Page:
The Five, headed for Sky Living, is a roller-coaster thriller penned by the best-selling US author Harlan Coben, his first original story written for television. The story, which follows a group of friends who are united by a terrible incident, will deliver the kinds of twists and turns viewers enjoyed in 24, Mensah promises. The executive, whose BBC credits include Wallander and Waterloo Road (“all the series beginning with W”, she jokes), is venturing into territory more commonly associated with her old employer.

Critical, a “groundbreaking” new Sky 1 medical series, written by Jed Mercurio and starring Lennie James, will address topical concerns about the NHS’s ability to cope with major crises. “I don’t think you can set a drama in the NHS at the moment without reflecting that,” she said.

A version of Raymond Briggs’ well-loved story Fungus the Bogeyman is primed to challenge the BBC’s Christmas dominance at the end of this year.

Despite her intervention in Fortitude’s colour palette, Mensah says she resists temptations to “meddle” in her productions. “With Fortitude, I thought that, although Sky dramas have dark moments, we tend not to be grim – our shows have colour and vibrancy. A little blue sky helps.”

She defines success as “dramas that don’t sit on your Sky box because you think you ought to watch them eventually, but programmes you actively want to view live or on demand”.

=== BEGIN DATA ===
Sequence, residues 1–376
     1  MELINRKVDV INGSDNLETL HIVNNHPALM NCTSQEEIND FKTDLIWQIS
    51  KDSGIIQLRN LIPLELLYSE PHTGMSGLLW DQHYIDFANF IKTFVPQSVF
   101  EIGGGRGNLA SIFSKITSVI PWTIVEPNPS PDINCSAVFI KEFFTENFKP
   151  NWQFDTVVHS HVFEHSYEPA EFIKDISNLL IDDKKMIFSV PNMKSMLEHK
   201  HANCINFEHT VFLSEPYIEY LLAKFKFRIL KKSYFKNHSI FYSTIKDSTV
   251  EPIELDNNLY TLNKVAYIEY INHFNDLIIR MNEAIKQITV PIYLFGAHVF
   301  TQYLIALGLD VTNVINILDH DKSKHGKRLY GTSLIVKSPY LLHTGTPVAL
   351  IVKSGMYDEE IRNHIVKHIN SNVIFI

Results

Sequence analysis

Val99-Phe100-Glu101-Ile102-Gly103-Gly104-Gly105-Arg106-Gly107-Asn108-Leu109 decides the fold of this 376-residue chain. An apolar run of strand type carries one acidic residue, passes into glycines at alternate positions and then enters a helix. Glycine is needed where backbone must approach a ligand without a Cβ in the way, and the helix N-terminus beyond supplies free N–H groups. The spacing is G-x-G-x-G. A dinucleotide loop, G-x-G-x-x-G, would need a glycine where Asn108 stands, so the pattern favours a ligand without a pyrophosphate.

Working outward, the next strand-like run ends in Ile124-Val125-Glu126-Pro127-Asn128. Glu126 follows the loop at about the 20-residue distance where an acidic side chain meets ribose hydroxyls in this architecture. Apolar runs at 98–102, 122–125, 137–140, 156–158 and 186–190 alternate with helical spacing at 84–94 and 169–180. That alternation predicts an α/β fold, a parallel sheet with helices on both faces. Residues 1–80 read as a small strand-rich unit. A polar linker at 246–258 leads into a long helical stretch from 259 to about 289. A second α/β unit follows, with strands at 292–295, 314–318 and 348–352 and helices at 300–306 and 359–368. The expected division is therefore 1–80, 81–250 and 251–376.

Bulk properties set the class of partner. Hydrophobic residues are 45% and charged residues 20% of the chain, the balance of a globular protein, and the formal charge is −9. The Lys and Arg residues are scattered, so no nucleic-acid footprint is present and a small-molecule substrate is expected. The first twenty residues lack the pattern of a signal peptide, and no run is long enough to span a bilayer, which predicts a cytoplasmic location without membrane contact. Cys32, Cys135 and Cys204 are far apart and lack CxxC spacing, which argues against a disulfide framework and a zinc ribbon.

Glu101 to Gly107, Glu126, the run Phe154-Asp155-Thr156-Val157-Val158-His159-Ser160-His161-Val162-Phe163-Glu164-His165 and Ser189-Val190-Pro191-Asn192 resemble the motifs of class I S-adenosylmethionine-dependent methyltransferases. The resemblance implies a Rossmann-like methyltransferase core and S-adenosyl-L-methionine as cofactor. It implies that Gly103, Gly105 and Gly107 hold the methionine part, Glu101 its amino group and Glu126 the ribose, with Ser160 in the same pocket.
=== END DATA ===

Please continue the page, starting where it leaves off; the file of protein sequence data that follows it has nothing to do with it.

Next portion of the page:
Don’t be surprised if Mensah rings you up to check what you’re watching. “At Sky, the execs try and speak to viewers once a month for feedback, and once we rode with the engineers and went into their homes. You get much more honest views from customers than people in the media, who temper what they say with politeness. Why shouldn’t we talk to the people we make programmes for? It would be rude not to.”

Last week, Channel 4 published a “diversity charter” which requires its dramas to feature one lead character from an ethnic minority background or another under-represented group, if the programme fails to meet other “diversity” criteria.

Born to a father from Ghana and a mother from Canada, Mensah admits that a deficit in ethnic minority representation both on- and off-screen requires radical action. She regrets that the offspring of television insiders have a head start when industry breaks are on offer.

Sky has pledged that, by the end of this year, at least 20 per cent of the stars and writers of its UK-originated TV shows will come from a black, Asian or other minority ethnic background. “It can’t just be about paying lip-service and box-ticking; we have to say, ‘We’re just going to do it’.”

Mensah has picked up Venus Vs Mars, a hit web comedy-drama about a young black woman looking for love made by a black production team, which is being readied for Sky Living. She hopes it will sit comfortably alongside Scandal, the Washington DC-set drama from Shonda Rhimes, a leading US black drama producer.

“It’s not just about race, it’s about class, disability and looking beyond the pool of people who just represent you, to make programmes which are better for bringing new viewpoints to the channels.”

It is easy to see why she has no regrets about leaving the BBC. “The audience is fragmenting and the old rules don’t apply. To do something that hasn’t been done before, that is incredibly exciting.”